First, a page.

Even if one is ignorant of twitter conventions, how likely is it that any serious person with a professional reputation and/or commercial enterprise with a following use a twitter account under such a vulgar “handle” in favor of his own name or the name of his enterprise? Think that through for one second. please.

    That bit of common sense evaluation lacking, the content of the account itself establishes the context of a joke or satire account. There was simply no basis, absent language barrier or bad-faith, or total want of sense, to consider that an actual threat, or to believe that account belonged to Kruse.

    Kruse is something of a charlatan/kook and he has a reputation for claiming outrageous or exaggerated things. He’s even been suspended from a professional neurosurgery society for giving false testimony in a deposition (as an expert witness). People make fun of the things he says; and the account on twitter that is used to do is completely typical of twitter accounts used for that purpose.

    I think the fbi could stand to learn the rudiments of social media as an aid to threat evaluation.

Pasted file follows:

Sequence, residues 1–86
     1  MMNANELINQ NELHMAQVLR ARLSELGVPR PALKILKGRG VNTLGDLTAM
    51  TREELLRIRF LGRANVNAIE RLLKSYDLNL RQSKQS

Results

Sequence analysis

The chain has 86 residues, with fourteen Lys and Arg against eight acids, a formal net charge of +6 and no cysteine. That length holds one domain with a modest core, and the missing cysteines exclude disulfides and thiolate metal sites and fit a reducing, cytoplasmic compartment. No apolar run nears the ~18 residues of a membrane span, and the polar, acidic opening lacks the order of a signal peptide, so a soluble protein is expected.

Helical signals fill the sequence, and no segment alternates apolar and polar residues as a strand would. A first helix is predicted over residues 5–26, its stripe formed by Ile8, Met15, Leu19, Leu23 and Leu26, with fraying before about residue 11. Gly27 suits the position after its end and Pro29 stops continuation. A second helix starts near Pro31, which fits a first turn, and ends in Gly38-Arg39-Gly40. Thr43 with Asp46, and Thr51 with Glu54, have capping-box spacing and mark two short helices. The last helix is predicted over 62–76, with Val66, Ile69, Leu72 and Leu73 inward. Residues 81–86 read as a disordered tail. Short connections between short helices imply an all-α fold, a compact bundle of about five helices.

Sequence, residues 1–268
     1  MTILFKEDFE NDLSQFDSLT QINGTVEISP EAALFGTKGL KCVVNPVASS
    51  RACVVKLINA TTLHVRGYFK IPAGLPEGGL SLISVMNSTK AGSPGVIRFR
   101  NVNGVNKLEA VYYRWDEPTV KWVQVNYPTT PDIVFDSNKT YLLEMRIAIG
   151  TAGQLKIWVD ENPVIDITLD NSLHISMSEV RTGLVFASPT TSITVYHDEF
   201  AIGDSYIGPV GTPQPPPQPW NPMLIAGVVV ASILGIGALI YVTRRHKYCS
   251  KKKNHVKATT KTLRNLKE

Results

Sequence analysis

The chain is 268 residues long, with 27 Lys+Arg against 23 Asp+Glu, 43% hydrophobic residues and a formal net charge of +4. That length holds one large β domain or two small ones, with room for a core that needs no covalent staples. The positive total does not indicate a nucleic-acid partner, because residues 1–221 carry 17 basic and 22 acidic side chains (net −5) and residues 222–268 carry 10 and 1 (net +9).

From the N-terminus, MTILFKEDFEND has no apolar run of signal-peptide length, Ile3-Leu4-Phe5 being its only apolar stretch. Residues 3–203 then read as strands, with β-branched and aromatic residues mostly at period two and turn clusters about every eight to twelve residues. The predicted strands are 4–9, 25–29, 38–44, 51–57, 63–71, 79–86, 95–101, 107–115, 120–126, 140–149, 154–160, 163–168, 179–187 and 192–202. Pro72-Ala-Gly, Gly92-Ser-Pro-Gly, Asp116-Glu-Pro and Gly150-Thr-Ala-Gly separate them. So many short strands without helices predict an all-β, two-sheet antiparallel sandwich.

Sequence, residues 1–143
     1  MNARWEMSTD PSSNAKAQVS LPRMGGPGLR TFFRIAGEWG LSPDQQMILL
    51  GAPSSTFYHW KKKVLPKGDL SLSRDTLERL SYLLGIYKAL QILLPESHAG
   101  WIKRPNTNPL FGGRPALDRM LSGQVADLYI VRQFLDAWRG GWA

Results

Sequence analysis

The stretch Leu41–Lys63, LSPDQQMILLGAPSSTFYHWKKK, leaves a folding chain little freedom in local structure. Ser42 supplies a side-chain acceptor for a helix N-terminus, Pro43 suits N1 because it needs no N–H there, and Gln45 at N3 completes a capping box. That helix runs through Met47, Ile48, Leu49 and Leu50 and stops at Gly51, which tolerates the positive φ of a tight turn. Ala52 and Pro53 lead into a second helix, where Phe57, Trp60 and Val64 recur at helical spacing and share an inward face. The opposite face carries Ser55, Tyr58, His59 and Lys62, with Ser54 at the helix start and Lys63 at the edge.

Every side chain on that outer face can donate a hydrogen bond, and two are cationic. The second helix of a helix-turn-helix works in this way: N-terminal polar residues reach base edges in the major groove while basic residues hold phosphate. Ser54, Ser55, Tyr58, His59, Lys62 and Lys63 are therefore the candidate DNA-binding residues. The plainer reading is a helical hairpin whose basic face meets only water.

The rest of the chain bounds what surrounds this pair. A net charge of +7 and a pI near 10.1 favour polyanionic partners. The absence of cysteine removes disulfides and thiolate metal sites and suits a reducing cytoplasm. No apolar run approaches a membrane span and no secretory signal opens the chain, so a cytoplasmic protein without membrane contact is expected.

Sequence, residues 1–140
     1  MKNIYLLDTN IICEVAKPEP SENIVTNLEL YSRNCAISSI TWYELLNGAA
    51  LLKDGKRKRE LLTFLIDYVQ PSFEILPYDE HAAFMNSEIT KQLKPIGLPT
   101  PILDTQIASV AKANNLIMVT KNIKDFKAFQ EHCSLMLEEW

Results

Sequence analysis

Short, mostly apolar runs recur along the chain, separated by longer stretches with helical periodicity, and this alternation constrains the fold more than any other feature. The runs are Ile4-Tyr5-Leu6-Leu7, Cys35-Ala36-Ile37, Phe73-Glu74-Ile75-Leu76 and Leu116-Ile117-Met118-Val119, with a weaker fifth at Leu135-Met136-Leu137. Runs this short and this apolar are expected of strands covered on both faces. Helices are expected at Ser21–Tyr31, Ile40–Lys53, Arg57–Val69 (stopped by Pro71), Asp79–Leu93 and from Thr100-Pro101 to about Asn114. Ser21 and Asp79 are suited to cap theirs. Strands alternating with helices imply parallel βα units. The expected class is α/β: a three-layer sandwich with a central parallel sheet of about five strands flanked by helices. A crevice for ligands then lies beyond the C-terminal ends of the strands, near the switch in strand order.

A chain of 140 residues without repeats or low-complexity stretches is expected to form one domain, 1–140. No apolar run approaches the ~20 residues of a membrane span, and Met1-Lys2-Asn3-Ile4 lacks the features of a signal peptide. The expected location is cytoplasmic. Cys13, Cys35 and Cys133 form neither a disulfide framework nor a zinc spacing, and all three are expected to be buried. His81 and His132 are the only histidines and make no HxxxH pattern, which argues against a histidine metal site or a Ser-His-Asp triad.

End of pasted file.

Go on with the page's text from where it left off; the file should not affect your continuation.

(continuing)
2. The media has twisted this story to a bizarre degree. @s**tkrusesays was clearly a parody account and Dr. Kruse was well aware of it, having had several of the posts re-Tweeted to him by the account’s followers (which included Jimmy Moore, the organizer of the cruise on which Kruse was supposed to speak, and several well-known people in ancestral health field). It seems that Carnival, perhaps goaded by whoever called the company, misinterpreted the Tweet, which referenced Kruse’s use of dynamite as a prop at another talk (http://bit.ly/Ke4c9q) and his bizarre claim that he injected himself with a highly dangerous bacteria, MRSA, prior to undergoing elective surgery (http://bit.ly/Ke4c9q). Kruse has perpetuated several falsehoods about this case–e.g., that his identity was stolen, that his Twitter account was “hacked”, that he was the victim of a “bioterrorism” hoax. The phrase “epic biohack” is one that Kruse uses repeatedly to refer to his own self-experimentation. Over the last few days, however, he seems more than willing to allow people to misinterpret the phrase as “epic bio attack.” I initially had sympathy for him, but that is long gone. He’s clearly loving this publicity. And he had the gall to insinuate that certain critics of his are responsible for this incident, even though he apparently has no solid evidence against them (he made a bogus claim in one interview that the “ringleader” of some group conspiracy against him lives in NY). People reading this story should know that Kruse is a man who was censured by his professional society for lying under oath during a deposition (http://bit.ly/Ke4c9q). That information alone makes it hard for me to believe anything he says. He is also notorious for making exaggerating claims about the health benefits of practices he espouses (he has claimed, for example, that cold thermogenesis–exposing oneself to cold temps, essentially–is a valid treatment for obesity, hypothyroidism, and any autoimmune disorder you can think of). There is certainly an interesting story to be told about Dr. Kruse, but this article about him getting kicked off a cruise ship doesn’t even scratch the surface.